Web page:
K.D. Lang is one of the most resounding forces in music. The androgynous Canadian singer with a tuft of dark hair, an angelic voice, and sensual, butch energy ushered in a new era of acceptance for folks who don't fit into traditional gender norms. Her gift for divine vocals was realized at an early age. In college, she formed the Reclines, a tribute band for the most delightful of all country music femmes, Patsy Cline. A rising star, Lang gained greater attention thanks to 1988's Grammy-winning duet of “Crying” with legend Roy Orbison. In 1992, the singer released her debut album, Ingénue, which features the romantic lesbian pop tune for the ages, “Constant Craving.”
At 56, Lang maintains her rightful place at the cool table. From singing "Jingle Bell Rock" in 1988's Christmas at Pee-wee's Playhouse to a 2014 role in the "Getting Away" episode that honors her part-time hometown, Portlandia, she is forever a relevant figure in pop culture. In 2016, she launched a supergroup with Neko Case and Laura Veirs — case/lang/veirs — and says that though the three powerhouses are busy, they are interested in continuing that incredible collaboration.
But right now, Lang is on her Ingénue Redux Tour, having re-released the classic album on Nonesuch Records in honor of its 25th anniversary. On this tour, she says, she and her band play Ingénue in sequence with both true-to-album takes and some next-level rearrangements. “The music has really surprised me in terms of the band and the songs and the communication and where we’ve taken it... It was an important record for me personally,” Lang says of the decision to revisit the album. “I think it was an important time in society because I came out and... the LGBTQ community — we were making an announcement, really, that we were coming out.”
A quarter-century later, is the record connecting with a younger generation? “I’m not sure about that... I think it’s just for the people who were engaged with the record 25 years ago," she says. "I think it’s a record that marks a moment in their own personal cultural history. With that in mind, I wanted to present the record again and let the listeners relive the last 25 years and how it’s been in their lives for the last 25 years.”
On September 12, just days after she'll take the stage at the Broward Center, Lang will be presented with the Americana Music Association's 2018 Americana Trailblazer Award in Nashville — an especially impressive feat for an artist with such a complicated relationship with the country-music establishment. In her earlier career, she says, “I was very active... in playing with the genre and the imagery of country music and trying to modernize it or bend it a little bit. There was a certain amount of success, but there wasn’t tremendous success." The conservative world of country music wasn't ready for her, Lang recalls. She says she still doesn’t feel fully accepted by that world. Still, she's flattered by the Trailblazer recognition, which puts her in a club with luminaries such as Lyle Lovett, Don Henley, and Iris DeMent.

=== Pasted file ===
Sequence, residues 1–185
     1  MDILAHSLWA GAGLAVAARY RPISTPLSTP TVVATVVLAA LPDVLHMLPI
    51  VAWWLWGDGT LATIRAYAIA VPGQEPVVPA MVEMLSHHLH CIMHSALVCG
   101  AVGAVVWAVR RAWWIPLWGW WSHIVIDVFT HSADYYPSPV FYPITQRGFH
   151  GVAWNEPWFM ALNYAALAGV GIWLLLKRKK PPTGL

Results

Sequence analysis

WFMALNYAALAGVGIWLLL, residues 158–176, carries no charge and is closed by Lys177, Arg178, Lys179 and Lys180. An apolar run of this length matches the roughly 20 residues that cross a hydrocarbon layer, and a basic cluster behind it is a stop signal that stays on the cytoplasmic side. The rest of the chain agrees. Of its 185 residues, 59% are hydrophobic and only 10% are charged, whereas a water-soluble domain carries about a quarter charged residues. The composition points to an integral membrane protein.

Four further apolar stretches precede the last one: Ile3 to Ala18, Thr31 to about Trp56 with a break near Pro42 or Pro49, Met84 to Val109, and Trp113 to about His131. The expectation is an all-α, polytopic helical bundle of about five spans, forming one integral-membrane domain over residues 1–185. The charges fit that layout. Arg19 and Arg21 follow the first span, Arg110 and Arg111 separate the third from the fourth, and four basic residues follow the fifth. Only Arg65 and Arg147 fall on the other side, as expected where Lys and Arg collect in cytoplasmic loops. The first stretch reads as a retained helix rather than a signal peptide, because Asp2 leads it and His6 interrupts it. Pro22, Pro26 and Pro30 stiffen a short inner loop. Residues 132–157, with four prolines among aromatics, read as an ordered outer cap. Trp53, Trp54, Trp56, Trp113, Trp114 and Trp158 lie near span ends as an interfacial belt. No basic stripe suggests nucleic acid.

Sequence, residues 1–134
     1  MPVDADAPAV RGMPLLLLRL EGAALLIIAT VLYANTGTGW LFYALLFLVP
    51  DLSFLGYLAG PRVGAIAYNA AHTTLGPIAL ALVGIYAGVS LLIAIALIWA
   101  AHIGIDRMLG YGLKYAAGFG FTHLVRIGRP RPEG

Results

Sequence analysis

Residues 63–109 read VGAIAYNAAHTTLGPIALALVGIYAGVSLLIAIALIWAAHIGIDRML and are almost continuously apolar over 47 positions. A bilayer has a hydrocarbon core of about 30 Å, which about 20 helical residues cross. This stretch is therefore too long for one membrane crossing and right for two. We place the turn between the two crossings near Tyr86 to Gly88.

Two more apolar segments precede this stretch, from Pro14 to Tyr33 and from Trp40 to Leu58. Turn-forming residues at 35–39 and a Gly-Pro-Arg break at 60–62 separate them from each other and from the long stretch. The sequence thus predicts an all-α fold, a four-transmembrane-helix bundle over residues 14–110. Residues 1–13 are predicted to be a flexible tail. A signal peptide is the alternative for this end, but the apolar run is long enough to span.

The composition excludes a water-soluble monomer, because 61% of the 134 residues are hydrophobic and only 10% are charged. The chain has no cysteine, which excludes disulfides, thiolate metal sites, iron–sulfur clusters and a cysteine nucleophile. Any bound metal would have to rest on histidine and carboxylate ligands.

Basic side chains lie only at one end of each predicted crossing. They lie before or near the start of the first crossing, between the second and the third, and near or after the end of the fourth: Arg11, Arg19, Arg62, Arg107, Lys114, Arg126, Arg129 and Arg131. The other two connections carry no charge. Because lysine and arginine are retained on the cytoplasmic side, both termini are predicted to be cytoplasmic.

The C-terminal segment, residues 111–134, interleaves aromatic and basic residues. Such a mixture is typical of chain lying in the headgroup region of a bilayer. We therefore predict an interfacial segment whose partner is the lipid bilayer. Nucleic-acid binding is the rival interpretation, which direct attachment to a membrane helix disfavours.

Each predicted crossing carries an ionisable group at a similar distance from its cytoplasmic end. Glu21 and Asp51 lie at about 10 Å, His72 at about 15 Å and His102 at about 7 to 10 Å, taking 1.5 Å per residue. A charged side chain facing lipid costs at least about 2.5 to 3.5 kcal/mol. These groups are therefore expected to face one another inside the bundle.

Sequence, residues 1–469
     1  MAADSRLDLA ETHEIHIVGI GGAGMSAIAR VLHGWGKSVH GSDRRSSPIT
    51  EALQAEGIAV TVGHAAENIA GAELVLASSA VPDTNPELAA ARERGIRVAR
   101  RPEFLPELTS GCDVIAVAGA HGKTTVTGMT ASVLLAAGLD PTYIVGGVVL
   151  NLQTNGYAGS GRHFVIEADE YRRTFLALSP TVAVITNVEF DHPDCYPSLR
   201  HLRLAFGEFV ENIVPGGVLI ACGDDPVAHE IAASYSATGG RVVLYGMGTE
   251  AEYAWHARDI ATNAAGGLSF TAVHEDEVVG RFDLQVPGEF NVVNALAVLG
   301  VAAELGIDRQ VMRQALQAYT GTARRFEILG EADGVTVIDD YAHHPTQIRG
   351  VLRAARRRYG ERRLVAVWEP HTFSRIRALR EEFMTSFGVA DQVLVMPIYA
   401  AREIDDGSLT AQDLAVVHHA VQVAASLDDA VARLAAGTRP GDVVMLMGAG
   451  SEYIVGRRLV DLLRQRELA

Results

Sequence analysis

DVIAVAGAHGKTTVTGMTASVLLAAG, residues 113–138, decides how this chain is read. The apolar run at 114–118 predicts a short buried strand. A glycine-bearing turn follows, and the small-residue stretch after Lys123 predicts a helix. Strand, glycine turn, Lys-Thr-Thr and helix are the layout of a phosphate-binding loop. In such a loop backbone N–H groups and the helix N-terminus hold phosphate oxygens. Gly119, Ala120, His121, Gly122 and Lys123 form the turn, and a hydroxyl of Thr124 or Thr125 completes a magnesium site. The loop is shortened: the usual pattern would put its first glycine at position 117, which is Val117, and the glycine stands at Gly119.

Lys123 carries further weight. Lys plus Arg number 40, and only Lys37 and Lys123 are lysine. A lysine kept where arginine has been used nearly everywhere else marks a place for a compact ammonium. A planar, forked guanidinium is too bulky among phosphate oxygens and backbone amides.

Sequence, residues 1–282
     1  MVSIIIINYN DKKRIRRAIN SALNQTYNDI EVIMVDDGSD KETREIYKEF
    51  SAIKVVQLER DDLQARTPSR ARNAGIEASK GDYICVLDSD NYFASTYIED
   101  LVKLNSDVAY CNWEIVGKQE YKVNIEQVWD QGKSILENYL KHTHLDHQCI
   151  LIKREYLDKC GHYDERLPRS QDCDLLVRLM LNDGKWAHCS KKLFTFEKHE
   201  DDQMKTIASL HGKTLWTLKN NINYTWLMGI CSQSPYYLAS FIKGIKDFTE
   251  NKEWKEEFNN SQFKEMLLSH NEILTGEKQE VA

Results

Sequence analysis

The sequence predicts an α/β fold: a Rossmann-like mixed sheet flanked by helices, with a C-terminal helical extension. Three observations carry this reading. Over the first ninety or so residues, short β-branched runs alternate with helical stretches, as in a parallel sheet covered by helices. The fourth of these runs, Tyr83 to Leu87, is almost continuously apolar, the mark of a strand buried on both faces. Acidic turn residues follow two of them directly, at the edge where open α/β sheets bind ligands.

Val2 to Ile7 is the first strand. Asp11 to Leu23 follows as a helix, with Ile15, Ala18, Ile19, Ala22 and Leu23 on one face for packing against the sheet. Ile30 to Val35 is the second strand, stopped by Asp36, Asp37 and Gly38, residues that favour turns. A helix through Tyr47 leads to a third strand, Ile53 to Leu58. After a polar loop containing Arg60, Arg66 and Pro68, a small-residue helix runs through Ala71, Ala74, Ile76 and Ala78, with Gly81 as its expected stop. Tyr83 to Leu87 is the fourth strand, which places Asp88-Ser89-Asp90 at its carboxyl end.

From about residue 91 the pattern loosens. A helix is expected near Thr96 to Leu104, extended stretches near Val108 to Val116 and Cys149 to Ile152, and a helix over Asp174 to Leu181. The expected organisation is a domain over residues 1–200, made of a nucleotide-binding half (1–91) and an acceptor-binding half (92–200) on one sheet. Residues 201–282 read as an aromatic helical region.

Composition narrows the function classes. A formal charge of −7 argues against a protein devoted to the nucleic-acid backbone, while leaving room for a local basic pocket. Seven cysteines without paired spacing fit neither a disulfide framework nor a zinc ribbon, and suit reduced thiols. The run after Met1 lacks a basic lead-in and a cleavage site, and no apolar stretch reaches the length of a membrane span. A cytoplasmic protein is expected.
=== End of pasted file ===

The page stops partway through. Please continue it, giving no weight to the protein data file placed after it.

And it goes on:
Lang is also a longtime activist. “My perspective may be a little antiquated, but I feel like the number one priority in an activist’s manifesto is that the motivation is pure, that your passion really is the issue you’re taking on," she says. "I think that what happens is when people get involved in way too many issues, it gets diluted. I really think you should pick... two or three or one.”
She also worries about fake news on the web. “We're being played by so many trolls and institutions," she says. "Understand your own true nature and your own true moral compass and make your own decision on things.”
Asked about the Trump era, she laughs: “Yes, I’m very happy to be Canadian.” But she's quick to add that she’s also a U.S. citizen. “It’s an important thing to me that we traverse this interesting conundrum that’s ahead of us and become better human beings out of the process.” As far as the effect Trump will have on the LGBTQ community, she reflects, “It’s the same as everyone is facing, people of color, women, even the GOP itself. Having to really examine all the aspects of hatred and racism and oppression is a helpful exercise, and I think that it’ll make us stronger.”
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